G is for German. And germaphobe.

Oh baby.

Herr Josef* was my German teacher and the most terrifying person I knew when I was 12. He looked normal enough, 45ish and sporty in his pleated chino shorts, but was sometimes mistaken [by me] for having Tourette syndrome when he would yell words in German that I didn’t understand. He had a smile reserved for that gleeful moment of triumph after he made a student bawl hysterically. In addition to German, he also taught social studies. And tennis.

It was a volatile trifecta of sorts.

Sometime during the 7th grade, Herr Josef became a germaphobe – a real live germaphobe in an era before antibacterial hand sanitizers. It became a class mandate for every student to have a handkerchief on his or her desk at all times. There was only one rule: if you sneezed, coughed, or breathed loudly without covering your mouth, you would die a humiliating middle schooler’s death. Sweet.

This birthed some interesting pre-class rituals, like robbery. Some kids actually stole handkerchiefs from their fathers, and they’d proudly pull some sort of plaid, snot-crusted piece of threadbare fabric from their pockets before class. A handful girls thought this would be a good excuse to go to Sanrio (that store that sells miniature Tupperware and lead pencils, and then plasters them with pictures of creepy talking animals), and they bought tissue packets with stars and bunny rabbits on them. The rest of us – the slackers – frantically ran to the bathroom minutes before class to grab a square of 1 ply toilet paper. High pitched wails of agony could occasionally be heard from the bathrooms during toilet paper shortages.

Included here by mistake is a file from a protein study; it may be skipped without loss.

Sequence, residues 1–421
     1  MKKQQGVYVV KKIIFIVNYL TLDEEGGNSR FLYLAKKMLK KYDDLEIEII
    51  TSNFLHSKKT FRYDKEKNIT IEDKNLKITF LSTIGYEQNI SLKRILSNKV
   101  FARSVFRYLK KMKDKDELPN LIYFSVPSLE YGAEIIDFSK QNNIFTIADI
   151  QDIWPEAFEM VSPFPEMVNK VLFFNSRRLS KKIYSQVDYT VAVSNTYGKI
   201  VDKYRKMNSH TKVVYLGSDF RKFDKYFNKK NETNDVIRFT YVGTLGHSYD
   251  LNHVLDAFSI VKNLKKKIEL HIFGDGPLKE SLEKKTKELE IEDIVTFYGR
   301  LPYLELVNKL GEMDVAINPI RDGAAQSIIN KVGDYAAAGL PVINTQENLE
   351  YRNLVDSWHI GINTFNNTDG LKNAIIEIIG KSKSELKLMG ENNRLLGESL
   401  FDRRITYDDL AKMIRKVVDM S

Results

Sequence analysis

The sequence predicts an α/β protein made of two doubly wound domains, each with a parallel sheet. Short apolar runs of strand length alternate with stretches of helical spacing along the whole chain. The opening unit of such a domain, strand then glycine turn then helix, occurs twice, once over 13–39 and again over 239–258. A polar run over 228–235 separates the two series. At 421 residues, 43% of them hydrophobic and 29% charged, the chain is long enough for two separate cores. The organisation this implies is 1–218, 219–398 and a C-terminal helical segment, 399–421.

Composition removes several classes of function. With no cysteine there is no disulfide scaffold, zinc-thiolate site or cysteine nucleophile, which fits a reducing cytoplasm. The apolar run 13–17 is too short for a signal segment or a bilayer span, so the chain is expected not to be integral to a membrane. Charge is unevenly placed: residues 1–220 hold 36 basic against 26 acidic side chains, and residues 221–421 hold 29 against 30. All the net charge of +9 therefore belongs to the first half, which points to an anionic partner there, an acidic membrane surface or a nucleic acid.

It was a rainy day, and all 30 7th graders were acting like we had forgotten to take our Ritalin. Herr Josef started the lesson by scribbling maniacally on the chalkboard. He would attack it so ferociously that it always brought back sweet memories of that the time I saw a girl clawing at another girl’s face during a mall fight. This was problematic – ferocious chalkboard writing creates chalk dust, and chalk dust makes children sneeze.

And children who sneezed without handkerchiefs faced the Wrath of Herr Josef.

On that day, poor Alvin* was the most unfortunate of students, being the only person without a handkerchief, bunny rabbit tissue, or piece of toilet paper. He was also the only kid with perpetual allergies. As if it was in slow motion, I watched as Herr Josef swiped at the board. The dust particles danced into poor Alvin’s nose, and then – ACHOO!!

Boogers sprayed everywhere, creating a massive booger shower, and the room fell silent. All of us stared at each other. First at Herr Josef, and then back at each other – it was obvious that we had all forgotten how to blink. Not unexpectedly, Herr Josef threw down his wooden pointer stick (not good) on the poor kid’s desk, screamed something about dirty cold virus infestations, and stormed out of the room. Then he stormed back in, realizing that he, not Alvin, should be in the room. He kicked Alvin out, but not before tossing a detention slip at his back.

It was frightening, but I prevailed. Herr Josef taught me a lot about confronting fears, finding inner strength, and doing what’s right in the face of adversity.

Oh wait – that was Harry Potter.

*Not really his name.

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